There’s a certain simplicity to single-payer plans that have been proposed so far nationally or in states like California. That’s especially clear in contrast to our current health system, which marries public plans like Medicare and Medicaid with employer-based and individually purchased private health insurance in messy and complicated ways. Under Sen Sanders’ proposal, for example, everyone is covered, anyone can go to any physician or hospital, and there are no out-of-pocket costs when accessing services.
That simplicity in some ways obscures tradeoffs, which are inevitable in any comprehensive health reform. A bigger government role in the health system could bring down prices, but those prices represent income to hospitals, physicians, and drug companies, which they will fiercely resist reducing. People may not have to pay premiums or anything at the point of service, but they will pay higher taxes. The absence of deductibles or copays would remove financial barriers to accessing needed care but could also result in more unnecessary care.
It’s rare that major policy proposals end up simple or pure after going through the meat grinder of the US political system, which tends to highlight tradeoffs and emphasize losers over winners.
Polling from the Kaiser Family Foundation informs how public opinion might be swayed in a revved-up debate over a single-payer health care system. A majority (54%) of US consumers support the idea a single-payer plan, with 43% opposing it. However, when presented with arguments that opponents might use in a heated political debate—that taxes would increase, that the government would have too much control over health care, or that a single-payer system would eliminate the role of employers in health care—majority support turns to majority opposition. On the other hand, arguments from supporters of a single-payer plan—that it would ensure universal coverage, reduce administrative costs, or decrease the role of private insurers—increase support.
A recent proposal from the Center for American Progress (CAP), called Medicare Extra for All, seems designed to capture the appeal of single-payer plans while mitigating some of their potential political liabilities. In particular, the CAP proposal would preserve a role for employer-based insurance, and importantly, the money employers contribute towards health benefits. Employers could offer their own coverage or buy their employees into a new Medicare Extra plan, or employees themselves could choose to switch to the public plan. The proposal would also allow private insurers to participate in Medicare Extra, much like they do in Medicare Advantage today.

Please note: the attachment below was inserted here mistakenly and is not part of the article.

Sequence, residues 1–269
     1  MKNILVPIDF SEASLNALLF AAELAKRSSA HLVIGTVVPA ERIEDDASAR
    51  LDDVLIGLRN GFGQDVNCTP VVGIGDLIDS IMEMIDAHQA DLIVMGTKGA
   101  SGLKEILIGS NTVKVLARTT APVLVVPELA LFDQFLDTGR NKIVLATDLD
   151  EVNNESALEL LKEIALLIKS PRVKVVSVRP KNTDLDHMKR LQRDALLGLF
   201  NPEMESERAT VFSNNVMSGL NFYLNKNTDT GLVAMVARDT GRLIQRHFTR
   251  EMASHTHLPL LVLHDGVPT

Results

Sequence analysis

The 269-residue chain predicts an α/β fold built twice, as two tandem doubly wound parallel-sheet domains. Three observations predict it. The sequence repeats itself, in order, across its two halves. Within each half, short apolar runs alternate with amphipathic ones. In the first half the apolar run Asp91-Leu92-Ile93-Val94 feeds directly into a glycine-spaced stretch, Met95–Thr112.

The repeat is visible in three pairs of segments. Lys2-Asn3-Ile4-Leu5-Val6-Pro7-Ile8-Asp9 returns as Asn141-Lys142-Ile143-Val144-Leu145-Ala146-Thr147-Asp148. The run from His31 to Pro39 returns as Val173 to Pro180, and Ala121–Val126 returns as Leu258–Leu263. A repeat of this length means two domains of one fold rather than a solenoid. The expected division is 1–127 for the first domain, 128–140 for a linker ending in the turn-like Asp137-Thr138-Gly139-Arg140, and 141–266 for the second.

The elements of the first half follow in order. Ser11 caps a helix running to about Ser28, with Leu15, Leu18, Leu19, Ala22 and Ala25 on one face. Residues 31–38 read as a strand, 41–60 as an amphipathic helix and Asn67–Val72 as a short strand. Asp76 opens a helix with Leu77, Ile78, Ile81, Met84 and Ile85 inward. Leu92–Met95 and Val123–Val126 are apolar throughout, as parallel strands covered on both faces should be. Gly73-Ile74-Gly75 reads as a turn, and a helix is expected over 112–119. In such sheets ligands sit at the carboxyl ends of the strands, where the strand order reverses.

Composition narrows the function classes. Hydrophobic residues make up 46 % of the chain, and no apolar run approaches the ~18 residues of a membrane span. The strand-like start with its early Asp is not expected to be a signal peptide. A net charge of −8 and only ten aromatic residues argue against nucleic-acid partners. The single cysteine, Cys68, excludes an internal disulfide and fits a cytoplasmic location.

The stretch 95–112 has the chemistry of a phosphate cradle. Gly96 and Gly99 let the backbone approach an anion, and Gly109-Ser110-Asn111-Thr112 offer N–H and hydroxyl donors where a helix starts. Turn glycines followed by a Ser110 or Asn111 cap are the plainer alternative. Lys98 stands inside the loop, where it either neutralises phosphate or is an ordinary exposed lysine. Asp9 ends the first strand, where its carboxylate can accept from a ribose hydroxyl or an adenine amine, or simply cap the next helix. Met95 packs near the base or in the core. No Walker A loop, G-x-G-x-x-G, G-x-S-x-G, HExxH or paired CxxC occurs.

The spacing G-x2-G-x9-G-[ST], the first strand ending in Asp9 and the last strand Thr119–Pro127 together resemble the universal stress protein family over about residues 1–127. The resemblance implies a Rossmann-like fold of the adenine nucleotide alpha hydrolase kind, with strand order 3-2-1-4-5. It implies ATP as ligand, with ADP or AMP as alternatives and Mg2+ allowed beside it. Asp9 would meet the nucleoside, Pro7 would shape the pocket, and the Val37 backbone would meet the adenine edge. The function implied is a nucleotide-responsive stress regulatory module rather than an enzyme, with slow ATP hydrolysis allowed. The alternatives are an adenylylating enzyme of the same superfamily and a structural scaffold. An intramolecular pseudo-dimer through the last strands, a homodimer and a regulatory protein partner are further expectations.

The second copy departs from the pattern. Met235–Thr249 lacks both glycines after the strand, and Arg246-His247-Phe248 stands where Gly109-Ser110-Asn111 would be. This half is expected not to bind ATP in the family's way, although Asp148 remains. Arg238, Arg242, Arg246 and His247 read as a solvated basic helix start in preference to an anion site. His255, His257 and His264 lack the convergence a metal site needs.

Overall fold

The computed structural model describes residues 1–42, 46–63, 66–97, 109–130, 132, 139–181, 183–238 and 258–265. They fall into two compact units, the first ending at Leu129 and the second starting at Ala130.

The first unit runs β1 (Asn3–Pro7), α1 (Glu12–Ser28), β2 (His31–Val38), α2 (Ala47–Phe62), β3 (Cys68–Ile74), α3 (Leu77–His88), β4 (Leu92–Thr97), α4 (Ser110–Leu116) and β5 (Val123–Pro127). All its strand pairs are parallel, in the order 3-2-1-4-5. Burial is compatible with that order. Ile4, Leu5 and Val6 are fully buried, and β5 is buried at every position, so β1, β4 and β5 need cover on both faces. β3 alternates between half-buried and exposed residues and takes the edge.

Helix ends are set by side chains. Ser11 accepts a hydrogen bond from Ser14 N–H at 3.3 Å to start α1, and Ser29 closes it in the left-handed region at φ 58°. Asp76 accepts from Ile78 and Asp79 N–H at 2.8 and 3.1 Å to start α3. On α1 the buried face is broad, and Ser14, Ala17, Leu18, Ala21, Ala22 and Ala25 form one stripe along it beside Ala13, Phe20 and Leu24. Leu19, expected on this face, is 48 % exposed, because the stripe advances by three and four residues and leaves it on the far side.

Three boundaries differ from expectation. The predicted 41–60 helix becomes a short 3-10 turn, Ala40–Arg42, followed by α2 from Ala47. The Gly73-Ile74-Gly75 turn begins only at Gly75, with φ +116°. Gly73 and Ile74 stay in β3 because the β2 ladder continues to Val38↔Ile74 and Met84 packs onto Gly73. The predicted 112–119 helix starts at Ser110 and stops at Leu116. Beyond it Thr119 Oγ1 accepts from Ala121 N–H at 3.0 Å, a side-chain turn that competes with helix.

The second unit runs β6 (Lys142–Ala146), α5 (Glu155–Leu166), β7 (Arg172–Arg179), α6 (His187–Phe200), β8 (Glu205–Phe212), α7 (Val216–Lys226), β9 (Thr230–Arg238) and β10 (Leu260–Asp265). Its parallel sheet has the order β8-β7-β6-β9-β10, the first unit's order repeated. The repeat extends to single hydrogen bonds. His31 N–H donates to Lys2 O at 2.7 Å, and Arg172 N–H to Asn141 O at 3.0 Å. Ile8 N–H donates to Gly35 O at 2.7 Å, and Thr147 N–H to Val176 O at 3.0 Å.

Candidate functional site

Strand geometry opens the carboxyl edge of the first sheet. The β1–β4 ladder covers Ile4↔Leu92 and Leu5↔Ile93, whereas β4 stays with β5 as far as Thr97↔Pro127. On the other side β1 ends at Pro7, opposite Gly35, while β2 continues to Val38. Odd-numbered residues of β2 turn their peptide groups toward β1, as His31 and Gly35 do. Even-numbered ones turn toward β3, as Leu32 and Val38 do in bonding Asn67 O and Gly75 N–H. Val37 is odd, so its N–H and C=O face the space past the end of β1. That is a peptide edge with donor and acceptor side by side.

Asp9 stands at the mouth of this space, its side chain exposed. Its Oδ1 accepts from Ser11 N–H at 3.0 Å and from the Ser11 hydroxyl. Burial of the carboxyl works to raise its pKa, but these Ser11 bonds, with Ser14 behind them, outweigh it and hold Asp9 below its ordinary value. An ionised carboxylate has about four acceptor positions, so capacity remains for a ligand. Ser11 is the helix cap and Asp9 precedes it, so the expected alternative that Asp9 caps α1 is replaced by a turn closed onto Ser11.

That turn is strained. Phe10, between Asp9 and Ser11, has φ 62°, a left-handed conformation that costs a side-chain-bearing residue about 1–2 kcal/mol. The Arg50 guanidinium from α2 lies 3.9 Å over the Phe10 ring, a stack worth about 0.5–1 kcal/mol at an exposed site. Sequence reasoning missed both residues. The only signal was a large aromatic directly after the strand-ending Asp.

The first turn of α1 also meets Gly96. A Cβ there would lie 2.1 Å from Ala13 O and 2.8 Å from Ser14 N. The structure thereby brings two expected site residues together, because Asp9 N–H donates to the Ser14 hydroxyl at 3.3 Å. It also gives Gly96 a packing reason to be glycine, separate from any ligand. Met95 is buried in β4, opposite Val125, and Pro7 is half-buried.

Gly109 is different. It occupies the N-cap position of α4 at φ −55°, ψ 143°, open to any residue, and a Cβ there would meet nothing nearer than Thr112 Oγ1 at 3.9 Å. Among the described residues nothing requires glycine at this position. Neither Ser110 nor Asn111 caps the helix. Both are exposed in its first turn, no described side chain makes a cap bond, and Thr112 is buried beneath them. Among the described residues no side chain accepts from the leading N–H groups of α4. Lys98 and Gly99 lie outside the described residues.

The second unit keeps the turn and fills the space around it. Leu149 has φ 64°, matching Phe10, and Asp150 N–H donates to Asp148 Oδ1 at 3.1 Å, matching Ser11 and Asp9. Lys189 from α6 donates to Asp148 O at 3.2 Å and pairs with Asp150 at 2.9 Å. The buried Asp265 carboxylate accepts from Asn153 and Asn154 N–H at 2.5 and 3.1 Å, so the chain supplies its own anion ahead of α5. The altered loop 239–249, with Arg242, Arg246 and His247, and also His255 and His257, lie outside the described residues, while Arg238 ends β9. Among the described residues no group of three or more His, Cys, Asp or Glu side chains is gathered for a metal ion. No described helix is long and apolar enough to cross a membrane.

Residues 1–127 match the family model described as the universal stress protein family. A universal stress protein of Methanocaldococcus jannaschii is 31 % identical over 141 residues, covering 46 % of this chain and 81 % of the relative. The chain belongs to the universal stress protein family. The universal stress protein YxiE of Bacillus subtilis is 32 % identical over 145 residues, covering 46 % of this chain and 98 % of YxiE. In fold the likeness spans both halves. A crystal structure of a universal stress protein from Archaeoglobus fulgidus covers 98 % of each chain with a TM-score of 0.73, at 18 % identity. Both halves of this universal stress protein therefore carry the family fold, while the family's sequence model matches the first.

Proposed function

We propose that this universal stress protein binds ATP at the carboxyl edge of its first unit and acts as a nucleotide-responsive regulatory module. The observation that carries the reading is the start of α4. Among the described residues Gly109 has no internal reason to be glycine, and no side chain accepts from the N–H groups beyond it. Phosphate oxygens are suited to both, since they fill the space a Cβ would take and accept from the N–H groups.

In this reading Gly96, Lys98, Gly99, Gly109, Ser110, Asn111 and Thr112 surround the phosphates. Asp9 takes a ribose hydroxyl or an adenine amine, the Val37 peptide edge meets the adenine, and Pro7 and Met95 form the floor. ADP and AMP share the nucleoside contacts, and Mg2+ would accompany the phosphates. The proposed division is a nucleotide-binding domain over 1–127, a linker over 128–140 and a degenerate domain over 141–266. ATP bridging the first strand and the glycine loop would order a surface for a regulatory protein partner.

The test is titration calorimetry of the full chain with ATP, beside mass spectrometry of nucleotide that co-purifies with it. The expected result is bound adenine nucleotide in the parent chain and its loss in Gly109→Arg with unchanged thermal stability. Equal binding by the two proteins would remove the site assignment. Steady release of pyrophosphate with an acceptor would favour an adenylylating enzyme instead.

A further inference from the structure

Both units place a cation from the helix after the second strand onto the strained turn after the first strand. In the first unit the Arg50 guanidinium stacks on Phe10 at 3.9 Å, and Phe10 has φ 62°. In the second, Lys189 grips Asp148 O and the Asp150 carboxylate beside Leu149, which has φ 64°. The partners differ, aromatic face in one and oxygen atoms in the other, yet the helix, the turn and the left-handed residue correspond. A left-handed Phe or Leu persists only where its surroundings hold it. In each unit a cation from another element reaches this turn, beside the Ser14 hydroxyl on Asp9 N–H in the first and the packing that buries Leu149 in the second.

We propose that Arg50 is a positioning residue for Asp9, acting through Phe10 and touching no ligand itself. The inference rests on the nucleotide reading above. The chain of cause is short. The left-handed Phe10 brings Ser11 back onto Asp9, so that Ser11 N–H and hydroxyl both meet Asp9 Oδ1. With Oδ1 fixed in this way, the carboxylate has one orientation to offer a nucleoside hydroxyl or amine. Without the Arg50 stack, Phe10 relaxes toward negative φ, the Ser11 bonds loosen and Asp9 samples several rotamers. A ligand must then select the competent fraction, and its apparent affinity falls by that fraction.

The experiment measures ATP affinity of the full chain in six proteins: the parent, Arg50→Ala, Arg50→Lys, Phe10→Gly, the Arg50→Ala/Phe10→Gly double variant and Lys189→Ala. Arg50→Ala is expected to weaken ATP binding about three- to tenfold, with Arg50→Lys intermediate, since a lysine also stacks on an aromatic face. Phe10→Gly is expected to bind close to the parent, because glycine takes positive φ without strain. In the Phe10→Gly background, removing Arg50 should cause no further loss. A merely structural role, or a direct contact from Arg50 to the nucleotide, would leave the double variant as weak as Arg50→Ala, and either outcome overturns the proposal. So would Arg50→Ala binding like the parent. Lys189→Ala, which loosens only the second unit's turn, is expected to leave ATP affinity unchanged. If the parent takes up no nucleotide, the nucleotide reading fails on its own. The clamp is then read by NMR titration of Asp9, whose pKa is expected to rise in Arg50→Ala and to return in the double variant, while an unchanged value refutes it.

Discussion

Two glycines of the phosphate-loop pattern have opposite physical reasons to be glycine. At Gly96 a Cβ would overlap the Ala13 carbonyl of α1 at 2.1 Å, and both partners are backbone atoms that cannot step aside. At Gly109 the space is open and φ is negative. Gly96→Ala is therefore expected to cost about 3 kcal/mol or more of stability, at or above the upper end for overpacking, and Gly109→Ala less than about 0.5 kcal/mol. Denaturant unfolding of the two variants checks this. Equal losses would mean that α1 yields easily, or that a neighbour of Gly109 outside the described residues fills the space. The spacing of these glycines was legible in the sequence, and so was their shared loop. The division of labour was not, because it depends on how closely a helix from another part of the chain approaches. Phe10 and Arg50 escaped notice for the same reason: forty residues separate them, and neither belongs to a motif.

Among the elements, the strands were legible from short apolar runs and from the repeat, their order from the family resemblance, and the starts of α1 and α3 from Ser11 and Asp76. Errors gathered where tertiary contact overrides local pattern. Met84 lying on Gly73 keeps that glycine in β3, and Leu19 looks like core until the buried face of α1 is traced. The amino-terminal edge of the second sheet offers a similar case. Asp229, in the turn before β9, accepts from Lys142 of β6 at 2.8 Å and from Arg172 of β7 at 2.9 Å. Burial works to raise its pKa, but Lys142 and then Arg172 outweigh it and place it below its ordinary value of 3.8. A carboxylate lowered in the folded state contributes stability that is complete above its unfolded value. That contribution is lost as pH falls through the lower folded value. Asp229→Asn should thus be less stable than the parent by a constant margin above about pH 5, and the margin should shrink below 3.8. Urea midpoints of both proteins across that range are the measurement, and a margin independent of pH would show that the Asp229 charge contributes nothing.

The CAP proposal blunts some of the arguments against a single-payer system, but in doing so, it also compromises on some of the principles that motivate single payer’s most ardent supporters.
We will no doubt see other variants of health reform plans that build on existing public insurance programs or seek to create new ones, while at the same time we will continue to see efforts to roll back the ACA and place limits on Medicaid. This is closer to the beginning rather than the end of a process that may or may not result in a serious debate over a single-payer system years from now in a future Congress.
About the author: Larry Levitt, MPP, is Senior Vice President for Special Initiatives at the Kaiser Family Foundation and Senior Advisor to the President of the Foundation. Among other duties, he is Co-Executive Director of the Kaiser Initiative on Health Reform and Private Insurance. (Image: Ted Grudzinski/AMA)